Instead of facts, we hunger for deeper TRUTH—a truth that’s Google proof.  Maybe even a truth that’s HOLY. There’s a depth to real truth that we often miss when we’re conditioned to search for facts that can be found with a few key strokes. We’re so used to searching for facts that we no longer even know to ask for truth. Truth is deeper than facts.  Truth has roots.  It connects at a spiritual, elemental level.

Truth is searched for, hard-earned, embodied and owned in a way that facts aren’t. Google offers facts; but it doesn’t offer truth.

As we discover the limits of knowledge, we might just be starting to rediscover the benefits of a LIFE of faith–a life that makes us WHOLE.  Knowledge might change how we think and may even change how we live; but we don’t just want to know how to live, we want to know why we live.

The bounded fields of knowledge can’t hold a candle to the unlimited landscape of faith.  Faith leads us to ask questions and a search for truth that knowledge can’t fully address. It leads us to truth instead of facts.

We want understanding, not answers. We hunger for truth, not facts. It’s not knowledge that we yearn for; it’s life! We want a new way to live.  We’ve heard the conventional wisdom. We’ve tried the easy fixes. We’ve experienced all the Information Age has to offer, and we want more.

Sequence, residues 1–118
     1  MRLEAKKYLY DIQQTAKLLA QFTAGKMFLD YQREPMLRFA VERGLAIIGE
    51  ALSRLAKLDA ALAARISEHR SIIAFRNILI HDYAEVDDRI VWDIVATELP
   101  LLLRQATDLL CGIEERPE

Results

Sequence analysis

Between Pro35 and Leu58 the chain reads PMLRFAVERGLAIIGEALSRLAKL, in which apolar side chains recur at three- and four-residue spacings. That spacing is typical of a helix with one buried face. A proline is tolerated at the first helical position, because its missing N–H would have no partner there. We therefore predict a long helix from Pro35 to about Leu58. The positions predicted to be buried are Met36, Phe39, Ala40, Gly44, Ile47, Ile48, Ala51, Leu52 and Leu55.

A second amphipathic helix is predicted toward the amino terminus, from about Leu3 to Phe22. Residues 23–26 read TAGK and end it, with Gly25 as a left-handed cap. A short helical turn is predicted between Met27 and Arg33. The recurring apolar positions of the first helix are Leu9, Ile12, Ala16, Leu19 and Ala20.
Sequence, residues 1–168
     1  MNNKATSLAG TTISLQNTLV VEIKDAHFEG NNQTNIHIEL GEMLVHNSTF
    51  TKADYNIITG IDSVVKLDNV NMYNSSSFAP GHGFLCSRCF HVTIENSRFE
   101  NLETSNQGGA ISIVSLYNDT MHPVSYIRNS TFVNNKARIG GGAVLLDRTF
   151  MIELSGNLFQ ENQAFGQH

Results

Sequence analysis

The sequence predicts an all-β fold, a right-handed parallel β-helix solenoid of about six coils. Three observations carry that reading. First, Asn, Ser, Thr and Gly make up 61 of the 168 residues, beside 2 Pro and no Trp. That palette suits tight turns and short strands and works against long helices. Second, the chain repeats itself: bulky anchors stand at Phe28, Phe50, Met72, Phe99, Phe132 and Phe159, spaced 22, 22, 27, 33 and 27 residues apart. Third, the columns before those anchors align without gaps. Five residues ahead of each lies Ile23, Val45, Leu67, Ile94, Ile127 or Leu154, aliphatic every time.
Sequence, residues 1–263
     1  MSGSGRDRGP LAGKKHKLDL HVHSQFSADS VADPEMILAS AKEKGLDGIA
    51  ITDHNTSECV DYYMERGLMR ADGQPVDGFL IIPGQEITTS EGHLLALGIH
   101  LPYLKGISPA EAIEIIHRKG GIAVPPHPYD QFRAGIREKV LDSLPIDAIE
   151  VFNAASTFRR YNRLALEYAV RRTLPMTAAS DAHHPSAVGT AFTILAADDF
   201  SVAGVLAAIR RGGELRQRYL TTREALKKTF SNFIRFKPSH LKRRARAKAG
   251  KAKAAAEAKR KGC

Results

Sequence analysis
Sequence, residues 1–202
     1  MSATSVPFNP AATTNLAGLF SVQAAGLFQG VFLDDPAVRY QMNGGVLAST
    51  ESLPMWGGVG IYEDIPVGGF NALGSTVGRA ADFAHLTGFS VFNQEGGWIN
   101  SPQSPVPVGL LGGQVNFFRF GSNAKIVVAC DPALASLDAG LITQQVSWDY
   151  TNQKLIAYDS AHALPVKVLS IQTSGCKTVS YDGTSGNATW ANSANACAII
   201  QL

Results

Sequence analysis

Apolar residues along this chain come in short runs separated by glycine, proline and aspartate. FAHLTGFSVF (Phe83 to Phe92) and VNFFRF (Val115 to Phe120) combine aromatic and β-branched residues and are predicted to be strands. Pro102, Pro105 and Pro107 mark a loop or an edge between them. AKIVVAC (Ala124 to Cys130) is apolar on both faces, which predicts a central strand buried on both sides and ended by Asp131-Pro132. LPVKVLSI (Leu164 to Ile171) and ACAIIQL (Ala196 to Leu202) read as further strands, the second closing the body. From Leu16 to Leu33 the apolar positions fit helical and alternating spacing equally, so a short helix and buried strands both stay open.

We want lives that are holier, healthier and more complete than the lives we’re living right now. We want a chance to dream and exist and hope beyond the limits of the present reality. That’s what it means to be human. We were uniquely created to exist on more than information.

Jesus once made a claim about his identity that might be useful as we look to move beyond information. Jesus says, “I am the WAY, the TRUTH, and the LIFE.”  The WAY to understanding, the TRUTH beyond facts, a LIFE that transcends mere knowledge.

Recent experience teaches us that more access to information fails to make us more holy, more healthy, or more whole. That’s precisely what Christ promises to do as we search for truth, understanding and faith.